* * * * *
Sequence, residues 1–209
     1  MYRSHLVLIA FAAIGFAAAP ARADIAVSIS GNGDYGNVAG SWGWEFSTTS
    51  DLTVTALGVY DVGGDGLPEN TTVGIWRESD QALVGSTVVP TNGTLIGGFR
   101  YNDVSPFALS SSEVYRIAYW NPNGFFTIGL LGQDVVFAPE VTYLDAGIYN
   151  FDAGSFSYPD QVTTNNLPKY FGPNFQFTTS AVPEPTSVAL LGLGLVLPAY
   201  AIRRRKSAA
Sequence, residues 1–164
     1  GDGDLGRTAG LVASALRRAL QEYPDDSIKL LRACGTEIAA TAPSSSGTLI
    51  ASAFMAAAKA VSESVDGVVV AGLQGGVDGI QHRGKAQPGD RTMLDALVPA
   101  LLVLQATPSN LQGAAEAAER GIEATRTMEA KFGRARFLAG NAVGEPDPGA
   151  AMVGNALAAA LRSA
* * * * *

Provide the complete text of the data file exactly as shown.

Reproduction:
Sequence, residues 1–209
     1  MYRSHLVLIA FAAIGFAAAP ARADIAVSIS GNGDYGNVAG SWGWEFSTTS
    51  DLTVTALGVY DVGGDGLPEN TTVGIWRESD QALVGSTVVP TNGTLIGGFR
   101  YNDVSPFALS SSEVYRIAYW NPNGFFTIGL LGQDVVFAPE VTYLDAGIYN
   151  FDAGSFSYPD QVTTNNLPKY FGPNFQFTTS AVPEPTSVAL LGLGLVLPAY
   201  AIRRRKSAA
Sequence, residues 1–164
     1  GDGDLGRTAG LVASALRRAL QEYPDDSIKL LRACGTEIAA TAPSSSGTLI
    51  ASAFMAAAKA VSESVDGVVV AGLQGGVDGI QHRGKAQPGD RTMLDALVPA
   101  LLVLQATPSN LQGAAEAAER GIEATRTMEA KFGRARFLAG NAVGEPDPGA
   151  AMVGNALAAA LRSA